Thursday, September 29, 2011

Fresh water stingray facts part III: Thinking rays.

Now you all might think that I shall rename the blog to stingray addict but this will be the last post about rays for a while :).

Rays and sharks in general is often perceived by aquarists as very smart creatures. Compared to many fishes sharks and rays have relatively large brains and in some studies, however very few, been shown to be rather smart. A large part of the brain of sharks and rays is dedicated to processing data from the Ampullae of Lorenzini which is the electro-sensory organ to locate prey. Freshwater stingrays of the family Potamotrygonidae generally have fewer of these ampullae which mean that their brains are not as large as in sea living stingrays. However their brains are still relatively large. The question is how smart are these rays really?

Tool use have been observed in many lineages of the animal kingdom, such as in primates (both human and non-human), in birds and in cephalopods to give some examples. However observations of this kind have been rare in the largest group of vertebrates, namely teleost fish, until now. In a few observations members of the wrasse  family (Labridae) have been seen using stones on the sea floor as anvils while trying to crush clams. This have been observed in three different genera of wrasses so it seem to be a common method used by these fish. The first observation of tool use in wrasses was described in 1995 for the yellow head wrasse.
So tool use have been observed in several species throughout the animal kingdom, and particularly in the bony fish lineage including tetrapods. The cartilaginous fish lineage on the other hand is less studied when it comes to tool use and memory studies. In 2005 a research group used five captive breed Potamotrygon castexi stingrays of the same litter to study cognitive abilities of these rays. They used a plastic tube with one white and one black painted side. On one side of the tube there was a mesh on the inside and the other side was open. Inside the tube they placed a piece of irresistible food for a stingray. The food was, due to the mesh, not accessible from one of the sides of the tube. What they observed was that the rays learned quite well that if they did the right thing they would get the food, they also learned the color on the side of the tube that was associated with the possibility to access food. The way the rays accessed the food was through blowing a jet of water into the tube to sort of flush the food out. This method, by blowing a jet of water, is used by many ray species to uncover pray hidden in the sediment.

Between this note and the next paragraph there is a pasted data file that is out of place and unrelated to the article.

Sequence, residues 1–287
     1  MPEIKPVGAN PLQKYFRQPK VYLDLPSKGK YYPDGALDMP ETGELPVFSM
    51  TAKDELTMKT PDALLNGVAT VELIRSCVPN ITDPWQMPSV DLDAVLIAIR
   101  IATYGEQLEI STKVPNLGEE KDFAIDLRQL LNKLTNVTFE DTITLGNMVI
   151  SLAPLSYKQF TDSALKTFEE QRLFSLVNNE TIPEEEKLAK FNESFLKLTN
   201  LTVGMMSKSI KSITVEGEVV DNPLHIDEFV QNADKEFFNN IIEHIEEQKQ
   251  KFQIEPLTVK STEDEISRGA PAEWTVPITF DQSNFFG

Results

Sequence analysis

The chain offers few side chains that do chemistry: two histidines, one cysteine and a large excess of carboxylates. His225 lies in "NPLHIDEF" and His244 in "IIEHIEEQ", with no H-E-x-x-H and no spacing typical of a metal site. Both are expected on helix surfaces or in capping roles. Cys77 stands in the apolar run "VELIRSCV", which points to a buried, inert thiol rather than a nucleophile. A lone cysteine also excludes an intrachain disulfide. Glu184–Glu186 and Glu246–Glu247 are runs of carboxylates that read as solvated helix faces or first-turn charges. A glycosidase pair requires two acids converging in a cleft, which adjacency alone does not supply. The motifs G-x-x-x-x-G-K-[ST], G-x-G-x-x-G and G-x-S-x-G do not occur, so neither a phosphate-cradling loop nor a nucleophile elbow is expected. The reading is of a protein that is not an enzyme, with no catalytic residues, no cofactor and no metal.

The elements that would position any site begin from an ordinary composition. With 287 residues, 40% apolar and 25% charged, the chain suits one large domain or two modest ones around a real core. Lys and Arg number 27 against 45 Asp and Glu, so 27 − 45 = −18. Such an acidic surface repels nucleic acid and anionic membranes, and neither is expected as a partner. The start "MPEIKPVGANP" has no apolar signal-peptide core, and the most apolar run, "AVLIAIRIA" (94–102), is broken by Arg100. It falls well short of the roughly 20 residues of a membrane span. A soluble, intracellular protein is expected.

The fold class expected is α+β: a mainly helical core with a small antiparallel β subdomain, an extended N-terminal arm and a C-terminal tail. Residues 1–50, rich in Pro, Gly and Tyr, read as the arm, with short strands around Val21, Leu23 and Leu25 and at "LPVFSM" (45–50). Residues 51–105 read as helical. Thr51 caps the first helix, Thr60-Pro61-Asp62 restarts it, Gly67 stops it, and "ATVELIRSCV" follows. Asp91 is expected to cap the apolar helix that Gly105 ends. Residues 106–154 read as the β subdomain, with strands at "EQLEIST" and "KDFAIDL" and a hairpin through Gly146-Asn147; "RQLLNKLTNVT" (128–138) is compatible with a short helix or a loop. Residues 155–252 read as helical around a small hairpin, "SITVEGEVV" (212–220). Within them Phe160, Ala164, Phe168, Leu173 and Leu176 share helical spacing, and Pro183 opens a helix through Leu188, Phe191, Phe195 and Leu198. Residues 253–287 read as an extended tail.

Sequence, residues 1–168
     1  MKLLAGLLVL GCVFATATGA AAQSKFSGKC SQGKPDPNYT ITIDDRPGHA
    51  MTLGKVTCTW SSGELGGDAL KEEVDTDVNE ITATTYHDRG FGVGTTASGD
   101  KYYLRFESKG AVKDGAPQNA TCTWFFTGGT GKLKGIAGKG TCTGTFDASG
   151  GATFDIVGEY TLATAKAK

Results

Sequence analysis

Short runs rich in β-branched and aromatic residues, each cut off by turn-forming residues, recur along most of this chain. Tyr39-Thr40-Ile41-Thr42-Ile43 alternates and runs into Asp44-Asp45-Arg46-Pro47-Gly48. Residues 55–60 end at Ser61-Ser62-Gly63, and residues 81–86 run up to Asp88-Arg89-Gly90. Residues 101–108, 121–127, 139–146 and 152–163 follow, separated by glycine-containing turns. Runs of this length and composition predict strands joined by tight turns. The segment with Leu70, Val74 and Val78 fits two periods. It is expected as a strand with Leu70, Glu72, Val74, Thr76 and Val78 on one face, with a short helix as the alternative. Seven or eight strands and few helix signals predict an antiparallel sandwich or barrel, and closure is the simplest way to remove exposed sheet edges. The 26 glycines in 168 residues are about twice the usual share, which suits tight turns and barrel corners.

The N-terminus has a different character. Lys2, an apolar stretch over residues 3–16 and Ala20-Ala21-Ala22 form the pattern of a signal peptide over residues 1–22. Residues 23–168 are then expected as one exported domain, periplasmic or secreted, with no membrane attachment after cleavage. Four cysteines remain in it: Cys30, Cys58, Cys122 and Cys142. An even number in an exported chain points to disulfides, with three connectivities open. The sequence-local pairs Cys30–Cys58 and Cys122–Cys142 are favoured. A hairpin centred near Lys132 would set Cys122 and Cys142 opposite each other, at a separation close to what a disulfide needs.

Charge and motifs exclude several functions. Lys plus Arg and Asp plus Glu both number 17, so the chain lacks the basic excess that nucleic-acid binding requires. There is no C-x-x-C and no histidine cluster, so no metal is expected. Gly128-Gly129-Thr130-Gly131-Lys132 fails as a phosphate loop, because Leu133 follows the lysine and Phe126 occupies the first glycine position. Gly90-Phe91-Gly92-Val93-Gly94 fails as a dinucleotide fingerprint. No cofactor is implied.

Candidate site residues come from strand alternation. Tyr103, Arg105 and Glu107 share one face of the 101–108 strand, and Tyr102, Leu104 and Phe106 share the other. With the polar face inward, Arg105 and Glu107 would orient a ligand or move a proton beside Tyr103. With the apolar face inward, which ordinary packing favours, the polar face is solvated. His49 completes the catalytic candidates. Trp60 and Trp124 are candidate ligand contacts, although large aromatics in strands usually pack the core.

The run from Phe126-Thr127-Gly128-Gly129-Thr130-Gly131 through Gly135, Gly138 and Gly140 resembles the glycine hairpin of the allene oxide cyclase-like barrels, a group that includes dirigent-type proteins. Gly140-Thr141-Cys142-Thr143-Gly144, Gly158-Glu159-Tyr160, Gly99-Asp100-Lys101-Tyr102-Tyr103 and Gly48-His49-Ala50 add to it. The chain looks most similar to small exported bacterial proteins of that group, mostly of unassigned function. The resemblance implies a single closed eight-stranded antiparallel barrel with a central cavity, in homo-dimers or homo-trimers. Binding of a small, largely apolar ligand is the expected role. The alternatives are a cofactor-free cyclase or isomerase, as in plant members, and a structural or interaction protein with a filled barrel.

The authors of this paper suggest that this is an observation of tool use in a cartilaginous fish species, using water as a tool to access the food. However if this really is tool use is a matter of definition since its a behavior the rays are born with knowing what to do. One can however argue that in the setting with the test pipe it is in a way tool use since they need to learn to get the food out using the water. I would rather state that the paper is a good study on learning and memory in stingrays rather than an observation on tool use. In any case freshwater stingrays are very interesting and more studies on their cognition would be interesting.

Kuba MJ, Byrne RA, & Burghardt GM (2010). A new method for studying problem solving and tool use in stingrays (Potamotrygon castexi). Animal cognition, 13 (3), 507-13 PMID: 20020169